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I've had a single nozzle, quad filament system (on my Prusa i3 Mk2), but in the end I was finding it was too much faffing around, and very wasteful on filament waste towers etc. so I've reverted to single nozzle system.

And to be honest, to my mind, multi colour systems are just a gimmick, and are only really used to print ornamental junk....

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I love the idea of printable supports - and will get round to it one day, but I spend long enough faffing with one extruder :D

Maybe if I was doing it on a daily basis it would be worthwhile, but for now im happy with designing for not needing support and using the single extruder.

I did have the CTC Bizer Dual but the second head became used as spares for the first :D

 

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I decided some time ago that a dual print head was far too much trouble.

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I have almost hit the button on a 3D printer a few times but am waiting until they can print Bakelite or an aluminium type resin....

Alan

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All my printers have just one nozzle(fast interchangeable btw) never regretted it, never needed dual nozzle systems.
I always design/draw my own projects and draw/print in such a way I don't need to use support at all. Never used that 'Support' function as a matter of fact.

And as Julian said, dual colour printing is just a gimmick indeed.

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8 minutes ago, Gina said:

I decided some time ago that a dual print head was far too much trouble.

Have to admit I don’t bother with the second nozzle on mine. Can you tell which one doesn’t get used? 🤔

9B698C81-9E7C-47DD-A367-1C4E8CF8A772.jpeg

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It might just be the clean one!  🤣

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I buy bog-standard AMZ3D PLA off amazon for about £11-£14 a reel. Find it works much better than Rigid Ink on my printer. I suspect that every printer has its favourite filament.

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Yes I found that what works well in one printer maygive poor resilts in another printer. Probably has a lot to do with the setup of no two printers being exactly the same.

I find Jet brand filament really suits my printer. Rigid Ink was not that good. 

Edited by johninderby

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Most filaments will print with some minor retract, heat, speed tweaks. I use pretty generic PLA. Only come across a few that I’d nearly hurled out the window (one blue, one petg, one wood filled, one silver). My machines go though phases of working like troopers and then hurling random fits... one has started to fire out “printing outside bed” errors or making prints with step in..... ggrrr!!

someone mentioned Formlabs, nice results, good resin options, Just not big build volume and costly resins. I’ve fancied dissolvable  support, but have got too used to adding supports and fettling prints. I am also wedded to Clas Olson purple glue for bed adhesion.... though I am trying a flex plate kit soon. Dimafix is the way to go for ABS and other high temp materials.

have fun

Peter

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A perhaps worthy mention alongside the filament choice is the extruder choice. I had no end of problems with clogging, breaks, melted teflon etc on both the CTC Dual (MK8) and the Black Widow - eventually, reluctantly, sprung for a genuine E3D Hotend and just like that every filament/extruder problem solved. Hands down the best mod I have done.

I only use 0.4 nozzles really, but switching to the all metal type has made life so much easier now and havent had a clog since I got it.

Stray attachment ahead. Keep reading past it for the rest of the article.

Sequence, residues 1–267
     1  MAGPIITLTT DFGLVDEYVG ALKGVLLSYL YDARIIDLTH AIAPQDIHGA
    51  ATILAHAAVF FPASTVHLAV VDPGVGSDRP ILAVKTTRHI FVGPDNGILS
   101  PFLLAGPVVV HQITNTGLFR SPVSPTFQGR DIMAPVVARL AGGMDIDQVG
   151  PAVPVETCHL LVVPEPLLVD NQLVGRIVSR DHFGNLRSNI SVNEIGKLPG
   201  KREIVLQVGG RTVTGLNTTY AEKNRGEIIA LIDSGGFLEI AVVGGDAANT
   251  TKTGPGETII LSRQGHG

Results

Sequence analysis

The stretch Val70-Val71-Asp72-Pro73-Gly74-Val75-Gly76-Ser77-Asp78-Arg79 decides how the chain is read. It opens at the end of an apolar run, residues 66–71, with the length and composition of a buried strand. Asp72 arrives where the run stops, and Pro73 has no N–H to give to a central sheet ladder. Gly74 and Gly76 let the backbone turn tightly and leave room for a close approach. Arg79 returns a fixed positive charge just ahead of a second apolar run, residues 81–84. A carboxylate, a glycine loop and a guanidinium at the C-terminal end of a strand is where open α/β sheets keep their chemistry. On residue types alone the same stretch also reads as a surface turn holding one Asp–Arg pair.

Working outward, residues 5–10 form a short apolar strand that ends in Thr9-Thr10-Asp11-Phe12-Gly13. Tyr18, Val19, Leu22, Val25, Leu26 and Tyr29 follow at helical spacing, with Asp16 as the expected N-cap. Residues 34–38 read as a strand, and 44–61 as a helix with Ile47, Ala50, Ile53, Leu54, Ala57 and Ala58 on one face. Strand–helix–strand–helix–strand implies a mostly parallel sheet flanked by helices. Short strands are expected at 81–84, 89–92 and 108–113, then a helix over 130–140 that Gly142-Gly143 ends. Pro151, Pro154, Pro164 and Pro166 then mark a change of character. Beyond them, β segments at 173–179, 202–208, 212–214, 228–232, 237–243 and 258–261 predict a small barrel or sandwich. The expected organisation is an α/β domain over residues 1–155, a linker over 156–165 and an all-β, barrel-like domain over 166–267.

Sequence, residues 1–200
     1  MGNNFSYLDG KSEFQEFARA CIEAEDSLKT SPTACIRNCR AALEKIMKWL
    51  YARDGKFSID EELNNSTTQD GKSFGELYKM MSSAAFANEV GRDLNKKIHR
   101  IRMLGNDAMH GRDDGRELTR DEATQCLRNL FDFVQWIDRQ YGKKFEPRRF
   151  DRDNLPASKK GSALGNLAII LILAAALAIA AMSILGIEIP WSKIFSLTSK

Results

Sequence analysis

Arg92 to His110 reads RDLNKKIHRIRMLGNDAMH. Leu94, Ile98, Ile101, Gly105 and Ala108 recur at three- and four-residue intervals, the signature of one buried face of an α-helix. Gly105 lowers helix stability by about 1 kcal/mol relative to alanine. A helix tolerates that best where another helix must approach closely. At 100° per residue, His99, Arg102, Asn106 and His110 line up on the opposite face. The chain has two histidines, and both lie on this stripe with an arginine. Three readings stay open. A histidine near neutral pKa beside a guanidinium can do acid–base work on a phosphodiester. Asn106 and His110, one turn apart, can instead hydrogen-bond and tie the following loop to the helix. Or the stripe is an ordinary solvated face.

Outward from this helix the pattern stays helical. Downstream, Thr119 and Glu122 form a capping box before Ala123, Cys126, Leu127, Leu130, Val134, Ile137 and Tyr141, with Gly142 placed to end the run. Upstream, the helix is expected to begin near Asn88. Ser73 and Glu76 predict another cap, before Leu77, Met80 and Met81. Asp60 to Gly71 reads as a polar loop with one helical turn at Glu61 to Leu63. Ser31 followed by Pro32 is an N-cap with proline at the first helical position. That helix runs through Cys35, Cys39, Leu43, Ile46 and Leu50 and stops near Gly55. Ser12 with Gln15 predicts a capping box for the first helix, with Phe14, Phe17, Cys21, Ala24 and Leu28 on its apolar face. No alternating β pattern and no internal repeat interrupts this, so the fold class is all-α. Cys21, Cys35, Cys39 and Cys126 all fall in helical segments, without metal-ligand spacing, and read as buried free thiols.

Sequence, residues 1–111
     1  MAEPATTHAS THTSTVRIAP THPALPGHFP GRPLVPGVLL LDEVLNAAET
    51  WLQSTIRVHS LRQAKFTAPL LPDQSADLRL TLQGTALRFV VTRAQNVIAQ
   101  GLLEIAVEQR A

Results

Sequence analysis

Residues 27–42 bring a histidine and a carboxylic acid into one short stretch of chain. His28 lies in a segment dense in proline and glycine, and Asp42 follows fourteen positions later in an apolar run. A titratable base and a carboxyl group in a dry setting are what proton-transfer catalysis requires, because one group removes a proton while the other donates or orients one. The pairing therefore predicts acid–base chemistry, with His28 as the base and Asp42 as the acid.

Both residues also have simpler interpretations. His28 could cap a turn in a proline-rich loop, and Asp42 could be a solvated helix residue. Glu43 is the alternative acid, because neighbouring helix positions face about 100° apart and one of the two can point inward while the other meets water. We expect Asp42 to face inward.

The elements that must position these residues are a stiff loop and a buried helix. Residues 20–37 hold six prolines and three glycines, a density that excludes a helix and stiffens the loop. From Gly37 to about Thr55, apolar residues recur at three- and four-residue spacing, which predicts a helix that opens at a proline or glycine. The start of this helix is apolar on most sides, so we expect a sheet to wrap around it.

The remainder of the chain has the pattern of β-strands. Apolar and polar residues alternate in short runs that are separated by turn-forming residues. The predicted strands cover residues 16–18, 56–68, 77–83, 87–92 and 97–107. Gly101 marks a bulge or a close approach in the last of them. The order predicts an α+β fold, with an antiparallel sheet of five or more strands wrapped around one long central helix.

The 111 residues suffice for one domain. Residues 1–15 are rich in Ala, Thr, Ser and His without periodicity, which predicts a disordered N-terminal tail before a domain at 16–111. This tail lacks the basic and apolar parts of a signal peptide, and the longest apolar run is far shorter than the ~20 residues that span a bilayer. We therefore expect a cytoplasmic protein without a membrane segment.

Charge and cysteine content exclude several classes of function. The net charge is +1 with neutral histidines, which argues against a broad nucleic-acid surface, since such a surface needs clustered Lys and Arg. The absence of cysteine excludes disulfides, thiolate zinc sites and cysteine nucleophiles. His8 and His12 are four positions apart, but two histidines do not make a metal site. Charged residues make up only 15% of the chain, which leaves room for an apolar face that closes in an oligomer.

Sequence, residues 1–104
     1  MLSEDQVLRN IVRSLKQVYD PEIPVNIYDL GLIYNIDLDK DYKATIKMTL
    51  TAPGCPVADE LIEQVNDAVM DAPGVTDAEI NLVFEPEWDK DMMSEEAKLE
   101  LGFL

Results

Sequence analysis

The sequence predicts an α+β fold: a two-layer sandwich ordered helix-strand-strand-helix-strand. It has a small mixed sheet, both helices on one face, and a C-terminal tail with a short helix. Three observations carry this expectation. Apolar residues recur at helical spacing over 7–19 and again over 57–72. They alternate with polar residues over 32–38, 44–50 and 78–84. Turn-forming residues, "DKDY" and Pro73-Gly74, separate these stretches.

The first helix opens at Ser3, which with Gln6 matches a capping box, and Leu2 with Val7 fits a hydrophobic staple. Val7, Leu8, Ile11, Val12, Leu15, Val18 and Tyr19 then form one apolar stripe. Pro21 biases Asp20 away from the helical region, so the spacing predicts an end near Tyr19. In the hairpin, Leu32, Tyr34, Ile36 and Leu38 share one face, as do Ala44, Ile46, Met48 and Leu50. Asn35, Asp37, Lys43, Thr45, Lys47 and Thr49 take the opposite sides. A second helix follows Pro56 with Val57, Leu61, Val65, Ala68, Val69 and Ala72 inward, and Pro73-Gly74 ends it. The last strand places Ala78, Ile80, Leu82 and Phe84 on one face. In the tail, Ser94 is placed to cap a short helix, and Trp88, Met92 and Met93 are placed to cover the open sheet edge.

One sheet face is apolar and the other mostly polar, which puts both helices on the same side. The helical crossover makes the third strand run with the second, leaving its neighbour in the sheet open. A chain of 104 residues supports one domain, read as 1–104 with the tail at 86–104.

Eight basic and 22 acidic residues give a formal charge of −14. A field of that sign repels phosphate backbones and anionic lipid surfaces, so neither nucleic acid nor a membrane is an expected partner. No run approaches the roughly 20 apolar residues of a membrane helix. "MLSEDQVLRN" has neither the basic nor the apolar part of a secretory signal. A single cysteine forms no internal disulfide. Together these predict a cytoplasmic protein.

1 hour ago, Stub Mandrel said:

I buy bog-standard AMZ3D PLA off amazon for about £11-£14 a reel. Find it works much better than Rigid Ink on my printer. I suspect that every printer has its favourite filament.

Very true. Couldnt get on with Rigid.ink myself, but Gina rates it well as do many many others. I have had expensive filaments give me grief and now use mostly Sunlu or Surreal brand cheap stuff. None of my stuff is mission critical or for resale though, so I can cope with the occasional failure/defect.

One thing I would like to do is make the move to larger rolls of 3mm stuff - if I could find a factory willing to put some 10kg rolls in our next container it would be a bargain for sure!

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I have metal 0.4 nozzles on mine and have no problems with clogging etc. although as mentioned some filaments produce better results

Biggest improvement in print quality though was in getting Simplify3D. Worth every penny for the results it delivers. 👍🏻👍🏻👍🏻

Edited by johninderby

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5 minutes ago, johninderby said:

I have metal 0.4 nozzles on mine and have no problems with clogging etc. although as mentioned some filaments produce better results

This is the style I couldnt get on with.... had them on the CTC printers
ptfe-tube-od-3mm-id-2mm-35mm-long.jpg.png.2d0edaf8f48d81c44685e67f5230aa70.png

The TEVO printers ship with a V6 clone, but as you can see from this diagram the teflon inserts still melt and clog.

e3dv6-clone1.png.c87b3027a835a34b2864ab278c21ec0d.png

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The new Prusa slicer is worth a look, i use Cura (ultimaker user), it’s gained a lot of new features and “twiddle controls” and seems a lot more regularly updated than simplify.

i agree with larger reels (j get 2.3kg  nowwhere possible), I end up with a lot of “dogends” in reels and hate just throwing them away.

peter

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Don't use it myself but the Prusa slicer is very good indeed.
In the near past we've compared a few slicers and the result was that the Prusa slicer and S3D were the best and gave similar results.

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1 hour ago, PeterW said:

i agree with larger reels (j get 2.3kg  nowwhere possible), I end up with a lot of “dogends” in reels and hate just throwing them away.

peter

This year alone I had lots of printing project and also end up with lots of 2.2kg reels with a few meters filament on them. Problem is I almost always print very large parts, ending up with all my reels containing a few meters 'leftovers' . 99% what I print is done in white, so I'm planning to weld all these 'ends' to make one new reel.
Think I've got an idea how to do that. Did a test a few days ago and it seems to work.